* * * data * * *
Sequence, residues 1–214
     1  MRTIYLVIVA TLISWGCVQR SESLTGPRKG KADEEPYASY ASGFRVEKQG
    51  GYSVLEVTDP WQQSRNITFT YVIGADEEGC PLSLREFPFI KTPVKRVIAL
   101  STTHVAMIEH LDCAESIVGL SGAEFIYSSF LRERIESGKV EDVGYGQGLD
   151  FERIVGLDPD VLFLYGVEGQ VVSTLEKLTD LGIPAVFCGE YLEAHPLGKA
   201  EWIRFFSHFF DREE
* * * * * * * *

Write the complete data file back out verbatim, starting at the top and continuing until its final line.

Sequence, residues 1–214
     1  MRTIYLVIVA TLISWGCVQR SESLTGPRKG KADEEPYASY ASGFRVEKQG
    51  GYSVLEVTDP WQQSRNITFT YVIGADEEGC PLSLREFPFI KTPVKRVIAL
   101  STTHVAMIEH LDCAESIVGL SGAEFIYSSF LRERIESGKV EDVGYGQGLD
   151  FERIVGLDPD VLFLYGVEGQ VVSTLEKLTD LGIPAVFCGE YLEAHPLGKA
   201  EWIRFFSHFF DREE